Jul 13, 2021 - Politics & Policy

American cities have a lot to learn about bike friendliness

Image of the world's largest bicycle parking garage in Utrecht, Netherlands
The world's largest bike parking garage in Utrecht, Netherlands. Photo by Abdullah Asiran/Anadolu Agency via Getty Images.

More Americans have embraced bicycling since the pandemic, but in terms of bike-friendliness, the United States lags far behind Europe.

Why it matters: The best cities for bicycling have safe, comfortable and well-connected bike networks, according to People for Bikes, an advocacy group based in Boulder, Colorado. And its new international ranking of bike-friendly cities shows U.S. cities have a lot to learn from their European counterparts.

By the numbers: Five of the top 10 cities for bicycling are in the Netherlands, and all but one — Provincetown, Massachusetts — are in Europe.

  • The top 10 U.S. cities are mostly tourist spots (like Cape Cod's Provincetown) or college towns like Berkeley, California; Boulder, Colorado, and tiny Alma, Michigan.

Details: The rankings of 767 cities in 12 countries are based on a combination of two factors: a network score and a community score.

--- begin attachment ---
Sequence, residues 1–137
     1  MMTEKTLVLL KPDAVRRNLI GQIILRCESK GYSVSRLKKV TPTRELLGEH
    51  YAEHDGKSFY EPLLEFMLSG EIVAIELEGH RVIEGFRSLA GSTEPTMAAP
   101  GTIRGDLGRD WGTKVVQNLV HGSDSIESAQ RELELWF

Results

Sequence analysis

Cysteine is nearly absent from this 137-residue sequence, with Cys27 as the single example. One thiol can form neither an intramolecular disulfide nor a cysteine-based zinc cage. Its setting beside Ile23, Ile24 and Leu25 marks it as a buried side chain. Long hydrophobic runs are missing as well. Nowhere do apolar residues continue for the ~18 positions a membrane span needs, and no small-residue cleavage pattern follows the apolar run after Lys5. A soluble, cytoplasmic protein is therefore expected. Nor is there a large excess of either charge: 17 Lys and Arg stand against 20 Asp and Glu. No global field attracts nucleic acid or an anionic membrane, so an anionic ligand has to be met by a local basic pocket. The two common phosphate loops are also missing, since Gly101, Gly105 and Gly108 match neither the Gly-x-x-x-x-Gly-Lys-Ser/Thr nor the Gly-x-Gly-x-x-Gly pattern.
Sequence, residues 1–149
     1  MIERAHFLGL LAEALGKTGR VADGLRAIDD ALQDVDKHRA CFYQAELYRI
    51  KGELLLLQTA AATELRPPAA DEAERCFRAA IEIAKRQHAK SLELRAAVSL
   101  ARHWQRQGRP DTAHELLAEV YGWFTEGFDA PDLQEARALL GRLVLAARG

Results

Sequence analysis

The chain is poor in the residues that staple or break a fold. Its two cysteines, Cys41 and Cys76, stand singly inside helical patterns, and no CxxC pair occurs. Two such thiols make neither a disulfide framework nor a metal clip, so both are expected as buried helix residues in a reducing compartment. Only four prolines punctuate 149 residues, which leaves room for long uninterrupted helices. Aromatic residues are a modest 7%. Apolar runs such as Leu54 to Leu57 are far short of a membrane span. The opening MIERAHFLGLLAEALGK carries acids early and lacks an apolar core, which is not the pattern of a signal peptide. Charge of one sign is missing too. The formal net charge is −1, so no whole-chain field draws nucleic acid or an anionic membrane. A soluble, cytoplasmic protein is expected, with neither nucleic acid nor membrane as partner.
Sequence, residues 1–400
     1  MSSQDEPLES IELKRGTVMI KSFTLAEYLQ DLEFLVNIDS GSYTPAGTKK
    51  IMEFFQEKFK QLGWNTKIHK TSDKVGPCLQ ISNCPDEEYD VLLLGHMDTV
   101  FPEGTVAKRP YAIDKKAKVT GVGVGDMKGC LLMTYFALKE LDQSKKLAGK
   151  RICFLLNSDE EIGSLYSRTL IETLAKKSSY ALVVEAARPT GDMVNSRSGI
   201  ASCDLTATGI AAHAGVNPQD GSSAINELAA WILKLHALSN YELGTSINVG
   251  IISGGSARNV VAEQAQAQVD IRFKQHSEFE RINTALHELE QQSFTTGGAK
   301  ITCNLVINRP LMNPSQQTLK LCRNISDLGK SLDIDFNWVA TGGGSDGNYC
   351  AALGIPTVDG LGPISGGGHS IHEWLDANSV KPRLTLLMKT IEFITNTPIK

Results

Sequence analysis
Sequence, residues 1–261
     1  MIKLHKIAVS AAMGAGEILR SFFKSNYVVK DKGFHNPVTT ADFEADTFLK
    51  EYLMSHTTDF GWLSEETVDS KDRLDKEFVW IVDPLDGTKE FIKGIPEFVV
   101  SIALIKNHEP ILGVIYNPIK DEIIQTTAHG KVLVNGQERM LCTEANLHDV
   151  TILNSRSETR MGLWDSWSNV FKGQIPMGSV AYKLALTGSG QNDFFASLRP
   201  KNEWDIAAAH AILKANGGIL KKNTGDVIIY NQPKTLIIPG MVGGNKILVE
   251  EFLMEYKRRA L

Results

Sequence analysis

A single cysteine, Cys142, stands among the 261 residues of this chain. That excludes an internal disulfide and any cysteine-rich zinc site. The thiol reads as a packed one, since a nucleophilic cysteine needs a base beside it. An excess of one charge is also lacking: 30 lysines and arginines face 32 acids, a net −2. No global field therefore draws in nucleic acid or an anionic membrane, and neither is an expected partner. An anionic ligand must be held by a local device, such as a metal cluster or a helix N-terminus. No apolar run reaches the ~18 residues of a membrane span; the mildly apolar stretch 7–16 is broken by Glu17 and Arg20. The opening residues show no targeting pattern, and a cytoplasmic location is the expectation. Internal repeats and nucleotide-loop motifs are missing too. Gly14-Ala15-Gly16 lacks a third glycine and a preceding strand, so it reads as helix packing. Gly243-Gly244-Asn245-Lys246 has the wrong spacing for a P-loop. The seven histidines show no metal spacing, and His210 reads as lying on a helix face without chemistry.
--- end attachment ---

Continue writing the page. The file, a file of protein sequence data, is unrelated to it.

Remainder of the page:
• The network score — which accounts for 80% of a city’s overall score — looks at how easily cyclists can get to grocery stores, hospitals, jobs, schools and transit hubs using "low-stress routes" (streets with 25 mph or lower speed limits, or busier streets with protected bike lanes).
  • The community score — which accounts for the other 20% — is based on the results of an online survey of bike users.

The top-ranked city on the list is Utrecht, near Amsterdam, where more than one-third of the Dutch city's 360,000 residents commute on bikes.

  • It's home to the world’s largest bicycle parking garage, a three-story structure that holds more than 12,500 bikes.
  • Throughout the city, digital signs point riders to the nearest bike parking, including the number of available spots. And they're all free.

What they're saying: "Making biking better means more than just building bike lanes — it’s about improving the entire bicycling experience. Massive investments in safe, convenient and free bike parking ensures riders are prioritized on and off their bikes," according to a People for Bikes blog post.

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